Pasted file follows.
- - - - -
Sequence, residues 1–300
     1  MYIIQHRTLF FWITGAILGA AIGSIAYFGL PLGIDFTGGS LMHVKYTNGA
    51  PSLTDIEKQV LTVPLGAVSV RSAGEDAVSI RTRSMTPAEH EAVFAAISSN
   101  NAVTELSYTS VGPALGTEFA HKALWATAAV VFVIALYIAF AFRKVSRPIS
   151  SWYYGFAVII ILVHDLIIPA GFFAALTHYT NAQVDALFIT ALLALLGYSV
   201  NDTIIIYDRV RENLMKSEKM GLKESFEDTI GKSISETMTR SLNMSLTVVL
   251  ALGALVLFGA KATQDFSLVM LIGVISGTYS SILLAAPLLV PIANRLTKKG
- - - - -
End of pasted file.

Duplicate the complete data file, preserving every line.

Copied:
Sequence, residues 1–300
     1  MYIIQHRTLF FWITGAILGA AIGSIAYFGL PLGIDFTGGS LMHVKYTNGA
    51  PSLTDIEKQV LTVPLGAVSV RSAGEDAVSI RTRSMTPAEH EAVFAAISSN
   101  NAVTELSYTS VGPALGTEFA HKALWATAAV VFVIALYIAF AFRKVSRPIS
   151  SWYYGFAVII ILVHDLIIPA GFFAALTHYT NAQVDALFIT ALLALLGYSV
   201  NDTIIIYDRV RENLMKSEKM GLKESFEDTI GKSISETMTR SLNMSLTVVL
   251  ALGALVLFGA KATQDFSLVM LIGVISGTYS SILLAAPLLV PIANRLTKKG